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More than half of fatal San Francisco Collisions in 2019 were Pedestrians

Pedestrians Account for 62 Percent of Fatal San Francisco Crashes

More than half of fatal San Francisco Collisions in 2019 were Pedestrians

More than half of fatal San Francisco Collisions in 2019 were Pedestrians

SAN FRANCISCO, Calif. (Feb. 6, 2020) —  There were 18 pedestrian deaths last year out of 29 traffic fatalities in San Francisco, according to the Safe Streets for All traffic report compiled by the San Francisco Police Department’s Traffic Division.

The report, which was presented Wednesday to the Police Commission, noted that six pedestrians who died last year were at fault for their own deaths, but drivers allegedly caused the other 12 pedestrian fatalities as well as a bicyclist’s death.

It is notable that all but one of these 12 crashes involved a driver who violated the state’s vehicle code. Additionally, the District Attorney’s Office prosecutors filed vehicular homicide cases against the drivers involved in 11 of last year’s pedestrian fatalities. The twelfth driver was given notice to revoke probation.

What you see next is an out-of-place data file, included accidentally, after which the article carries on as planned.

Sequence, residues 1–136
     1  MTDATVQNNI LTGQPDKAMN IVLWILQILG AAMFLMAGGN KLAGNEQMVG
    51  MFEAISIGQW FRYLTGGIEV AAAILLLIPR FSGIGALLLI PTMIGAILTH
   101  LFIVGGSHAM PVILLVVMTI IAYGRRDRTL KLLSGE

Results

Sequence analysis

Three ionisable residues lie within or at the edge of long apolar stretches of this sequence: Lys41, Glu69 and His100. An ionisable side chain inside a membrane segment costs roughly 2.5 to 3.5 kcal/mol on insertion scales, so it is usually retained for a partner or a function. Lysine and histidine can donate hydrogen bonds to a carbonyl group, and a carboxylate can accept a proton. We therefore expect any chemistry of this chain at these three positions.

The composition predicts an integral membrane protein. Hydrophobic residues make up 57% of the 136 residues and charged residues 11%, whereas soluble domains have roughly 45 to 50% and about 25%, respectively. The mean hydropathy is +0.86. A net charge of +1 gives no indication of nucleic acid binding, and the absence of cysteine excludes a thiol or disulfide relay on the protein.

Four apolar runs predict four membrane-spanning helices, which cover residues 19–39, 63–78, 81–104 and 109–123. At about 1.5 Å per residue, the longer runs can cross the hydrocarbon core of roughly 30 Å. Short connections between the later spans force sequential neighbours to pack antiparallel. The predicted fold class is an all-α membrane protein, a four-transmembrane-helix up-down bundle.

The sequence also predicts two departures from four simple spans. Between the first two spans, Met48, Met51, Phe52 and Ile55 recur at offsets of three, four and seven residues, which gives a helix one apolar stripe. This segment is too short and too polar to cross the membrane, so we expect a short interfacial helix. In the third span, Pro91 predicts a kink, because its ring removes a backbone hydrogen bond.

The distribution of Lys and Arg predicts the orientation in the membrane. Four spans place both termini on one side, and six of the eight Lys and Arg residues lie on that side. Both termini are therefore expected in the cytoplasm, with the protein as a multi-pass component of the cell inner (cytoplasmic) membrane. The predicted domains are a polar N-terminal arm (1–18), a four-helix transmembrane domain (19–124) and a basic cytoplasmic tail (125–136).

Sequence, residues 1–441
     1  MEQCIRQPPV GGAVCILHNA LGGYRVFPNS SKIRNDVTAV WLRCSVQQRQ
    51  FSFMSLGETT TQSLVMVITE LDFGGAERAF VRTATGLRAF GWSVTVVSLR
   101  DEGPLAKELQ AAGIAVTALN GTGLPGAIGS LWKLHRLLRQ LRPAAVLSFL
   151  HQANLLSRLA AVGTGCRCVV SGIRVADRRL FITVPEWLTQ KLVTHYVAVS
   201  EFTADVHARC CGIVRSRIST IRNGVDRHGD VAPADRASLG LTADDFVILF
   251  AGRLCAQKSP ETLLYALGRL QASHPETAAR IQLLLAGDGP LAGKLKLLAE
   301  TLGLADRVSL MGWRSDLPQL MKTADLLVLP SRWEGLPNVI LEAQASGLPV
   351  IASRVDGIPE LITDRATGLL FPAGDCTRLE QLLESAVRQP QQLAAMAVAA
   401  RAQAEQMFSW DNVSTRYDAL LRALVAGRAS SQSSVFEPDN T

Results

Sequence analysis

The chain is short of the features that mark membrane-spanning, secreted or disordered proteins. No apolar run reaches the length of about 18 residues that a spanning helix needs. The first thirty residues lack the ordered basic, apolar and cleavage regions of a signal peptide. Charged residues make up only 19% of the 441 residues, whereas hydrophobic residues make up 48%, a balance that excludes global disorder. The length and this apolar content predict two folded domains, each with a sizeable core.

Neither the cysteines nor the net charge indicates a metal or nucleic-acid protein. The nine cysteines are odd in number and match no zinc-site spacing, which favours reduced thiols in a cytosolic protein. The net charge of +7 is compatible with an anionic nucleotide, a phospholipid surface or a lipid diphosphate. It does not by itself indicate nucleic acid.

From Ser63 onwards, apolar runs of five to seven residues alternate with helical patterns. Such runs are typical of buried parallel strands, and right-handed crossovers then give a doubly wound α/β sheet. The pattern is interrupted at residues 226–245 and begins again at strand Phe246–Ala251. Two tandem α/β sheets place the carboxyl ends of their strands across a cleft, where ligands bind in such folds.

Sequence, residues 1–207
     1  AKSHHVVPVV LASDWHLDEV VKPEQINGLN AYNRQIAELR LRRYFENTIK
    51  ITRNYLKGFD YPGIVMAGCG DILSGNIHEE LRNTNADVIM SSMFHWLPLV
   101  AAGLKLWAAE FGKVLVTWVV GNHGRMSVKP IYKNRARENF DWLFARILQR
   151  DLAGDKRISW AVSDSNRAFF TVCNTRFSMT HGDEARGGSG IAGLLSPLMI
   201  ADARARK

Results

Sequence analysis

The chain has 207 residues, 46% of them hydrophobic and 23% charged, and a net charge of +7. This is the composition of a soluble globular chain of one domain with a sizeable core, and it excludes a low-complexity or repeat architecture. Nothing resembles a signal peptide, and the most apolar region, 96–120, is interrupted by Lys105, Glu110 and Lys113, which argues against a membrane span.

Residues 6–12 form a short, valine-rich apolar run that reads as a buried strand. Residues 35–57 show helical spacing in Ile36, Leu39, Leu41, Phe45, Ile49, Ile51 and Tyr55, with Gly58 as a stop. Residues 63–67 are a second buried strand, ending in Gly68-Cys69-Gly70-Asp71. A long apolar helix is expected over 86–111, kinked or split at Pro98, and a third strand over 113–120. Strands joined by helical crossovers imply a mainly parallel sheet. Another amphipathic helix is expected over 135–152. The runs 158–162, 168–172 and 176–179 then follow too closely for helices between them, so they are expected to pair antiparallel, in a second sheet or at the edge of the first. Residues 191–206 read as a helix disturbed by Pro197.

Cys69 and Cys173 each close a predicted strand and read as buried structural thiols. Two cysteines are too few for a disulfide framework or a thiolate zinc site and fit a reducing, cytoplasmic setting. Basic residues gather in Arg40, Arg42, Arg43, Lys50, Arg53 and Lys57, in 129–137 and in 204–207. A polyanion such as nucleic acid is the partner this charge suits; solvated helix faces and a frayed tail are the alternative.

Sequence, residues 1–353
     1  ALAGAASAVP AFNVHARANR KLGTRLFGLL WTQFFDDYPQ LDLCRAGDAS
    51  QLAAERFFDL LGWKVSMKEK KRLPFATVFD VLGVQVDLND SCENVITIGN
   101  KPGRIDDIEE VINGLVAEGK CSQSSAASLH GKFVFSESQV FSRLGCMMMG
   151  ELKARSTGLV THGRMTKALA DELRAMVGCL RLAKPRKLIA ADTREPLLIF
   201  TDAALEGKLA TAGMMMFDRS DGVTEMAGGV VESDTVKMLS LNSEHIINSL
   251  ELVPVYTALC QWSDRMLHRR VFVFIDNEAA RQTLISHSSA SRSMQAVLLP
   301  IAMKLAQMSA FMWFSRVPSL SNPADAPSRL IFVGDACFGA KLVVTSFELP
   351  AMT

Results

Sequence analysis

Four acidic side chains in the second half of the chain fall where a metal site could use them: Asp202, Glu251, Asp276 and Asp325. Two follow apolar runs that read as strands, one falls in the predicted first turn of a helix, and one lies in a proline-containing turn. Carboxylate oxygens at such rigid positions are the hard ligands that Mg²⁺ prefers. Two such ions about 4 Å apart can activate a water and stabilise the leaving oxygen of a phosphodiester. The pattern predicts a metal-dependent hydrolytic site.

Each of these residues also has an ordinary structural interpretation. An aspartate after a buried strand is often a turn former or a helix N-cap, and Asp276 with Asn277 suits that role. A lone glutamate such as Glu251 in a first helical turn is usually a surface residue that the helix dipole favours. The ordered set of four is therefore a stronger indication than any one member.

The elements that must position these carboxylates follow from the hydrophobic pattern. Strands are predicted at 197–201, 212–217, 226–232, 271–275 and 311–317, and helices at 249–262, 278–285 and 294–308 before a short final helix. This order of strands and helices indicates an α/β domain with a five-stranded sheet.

Police Commissioner John Hamasaki points out that these drivers involved in fatal crashes with pedestrians operate their vehicles without regard for the safety of pedestrians.

Among the other eleven fatal crashes that didn’t involve a pedestrian last year, seven of the victims were drivers, two passengers and one was a motorcyclist.

The biggest problem appears to be drivers who fail to yield to pedestrians in crosswalks or intersections, but other causes include running a red traffic light, speeding and failure to yield the right of way, police said.

Pedestrians who were at fault generally were crossing the road against a red light or “don’t walk” sign.  Meanwhile, the bicyclist who died was killed when a parked driver opened their door and the bike crashed into it.

Regardless of who is at fault, the city has taken steps to help reduce fatal crashes by becoming a Vision Zero community with a mission to eliminate all traffic fatalities by 2024.

Police are aimed at focusing on issuing five types of citations to combat the leading causes of collisions: speeding, failing to yield to pedestrians in a crosswalk and running red lights.

Johnson Attorneys Group does not represent any of the parties mentioned above; nor is it our intent to represent any of the parties. If you would like to contribute to this story or you have legal questions, please contact us.




James Johnson

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